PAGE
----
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Monday, 13 July 2003
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Using the Crease
W.G. Karunasena
11.07.92
 

Uvais Amalean, Sri Lankan reserve wicket-keeper 1988-93, told me this one. He picked up this trick during a 1986 domestic game vs SSC. A crane used in the reconstruction of the pavilion cast an unusual shadow on the crease. Non-striker nightwatchman Ravi de Mel, nursing a hangover, insisted on standing in the shadowy side of the crease. Asking Mathew, not very politely, to bowl around him.

The umpire, an SSC stalwart and fellow Royalist, pretended to reproach de Mel, but only ended up convincing Mathew to relent. So Mathew had to bowl over the wicket to right-handers and suddenly found that the awkward angle served up all sorts of possibilities.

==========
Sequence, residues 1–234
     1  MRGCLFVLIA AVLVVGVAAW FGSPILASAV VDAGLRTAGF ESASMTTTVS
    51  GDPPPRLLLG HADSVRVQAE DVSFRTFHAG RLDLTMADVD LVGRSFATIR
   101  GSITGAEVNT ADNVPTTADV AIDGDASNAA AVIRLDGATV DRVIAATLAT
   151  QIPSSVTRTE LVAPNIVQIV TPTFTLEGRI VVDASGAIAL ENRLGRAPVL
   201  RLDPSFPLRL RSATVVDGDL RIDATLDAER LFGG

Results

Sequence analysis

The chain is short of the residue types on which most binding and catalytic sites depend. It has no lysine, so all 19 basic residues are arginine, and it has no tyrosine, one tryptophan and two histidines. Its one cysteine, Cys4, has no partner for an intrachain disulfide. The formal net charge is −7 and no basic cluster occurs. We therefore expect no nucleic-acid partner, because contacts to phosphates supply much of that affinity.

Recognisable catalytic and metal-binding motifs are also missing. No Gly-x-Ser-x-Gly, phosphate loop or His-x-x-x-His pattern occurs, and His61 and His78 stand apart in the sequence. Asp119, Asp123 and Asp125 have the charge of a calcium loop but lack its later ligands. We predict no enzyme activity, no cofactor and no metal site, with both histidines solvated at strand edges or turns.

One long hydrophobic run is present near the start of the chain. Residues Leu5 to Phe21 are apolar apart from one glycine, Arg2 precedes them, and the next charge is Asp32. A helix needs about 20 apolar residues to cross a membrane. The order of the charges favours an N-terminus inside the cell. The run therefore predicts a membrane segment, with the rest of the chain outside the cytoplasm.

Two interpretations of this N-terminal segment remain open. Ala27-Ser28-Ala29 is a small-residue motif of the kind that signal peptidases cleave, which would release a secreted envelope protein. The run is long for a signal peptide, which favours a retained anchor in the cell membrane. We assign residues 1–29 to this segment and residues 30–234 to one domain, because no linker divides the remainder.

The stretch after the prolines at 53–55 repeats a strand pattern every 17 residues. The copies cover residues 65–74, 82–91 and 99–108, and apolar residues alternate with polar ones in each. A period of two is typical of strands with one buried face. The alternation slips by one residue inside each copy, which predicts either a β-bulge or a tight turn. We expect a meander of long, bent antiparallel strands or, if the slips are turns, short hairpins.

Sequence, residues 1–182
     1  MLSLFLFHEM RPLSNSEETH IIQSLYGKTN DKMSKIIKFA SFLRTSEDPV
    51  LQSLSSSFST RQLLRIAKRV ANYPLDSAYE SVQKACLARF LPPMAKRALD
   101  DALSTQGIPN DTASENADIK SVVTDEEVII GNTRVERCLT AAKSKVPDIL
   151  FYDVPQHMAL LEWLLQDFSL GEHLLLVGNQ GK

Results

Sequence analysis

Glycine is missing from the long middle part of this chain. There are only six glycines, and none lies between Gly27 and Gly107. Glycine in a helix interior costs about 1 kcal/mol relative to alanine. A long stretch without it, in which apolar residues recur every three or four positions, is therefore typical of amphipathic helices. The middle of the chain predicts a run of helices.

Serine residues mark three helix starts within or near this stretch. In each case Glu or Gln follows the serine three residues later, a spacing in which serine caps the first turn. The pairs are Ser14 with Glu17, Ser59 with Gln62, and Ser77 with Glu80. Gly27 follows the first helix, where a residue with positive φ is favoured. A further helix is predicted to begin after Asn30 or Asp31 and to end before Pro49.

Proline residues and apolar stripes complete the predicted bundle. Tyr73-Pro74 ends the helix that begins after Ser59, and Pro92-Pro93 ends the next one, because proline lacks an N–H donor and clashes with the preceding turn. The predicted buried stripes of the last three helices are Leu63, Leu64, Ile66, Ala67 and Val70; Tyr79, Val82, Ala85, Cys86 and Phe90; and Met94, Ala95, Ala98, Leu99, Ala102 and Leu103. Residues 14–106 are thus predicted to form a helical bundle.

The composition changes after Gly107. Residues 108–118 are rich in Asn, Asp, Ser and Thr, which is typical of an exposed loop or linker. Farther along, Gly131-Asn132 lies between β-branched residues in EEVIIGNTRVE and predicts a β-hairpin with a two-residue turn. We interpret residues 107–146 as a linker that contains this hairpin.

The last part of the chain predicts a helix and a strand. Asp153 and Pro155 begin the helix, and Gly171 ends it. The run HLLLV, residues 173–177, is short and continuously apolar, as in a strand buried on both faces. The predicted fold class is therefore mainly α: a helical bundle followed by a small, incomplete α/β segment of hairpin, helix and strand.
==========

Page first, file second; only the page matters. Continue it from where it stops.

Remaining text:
He dispatched de Mel with a ball that cut in at right angles, bamboozling the belligerent bowler turned batsman. Mathew then bowled around the wicket to left-handers, exploring the farther reaches of the crease. Mathew ended the match with 7 wickets and his first domestic Man-of-the-Match award.

Since then the crease has always been a subtle component in Mathew’s armoury. The ball to dismiss Howarth in the Asgiriya test comes to mind. (See diagram) Against the West Indies A team in 1988, he was no-balled for bowling two feet behind the popping crease.

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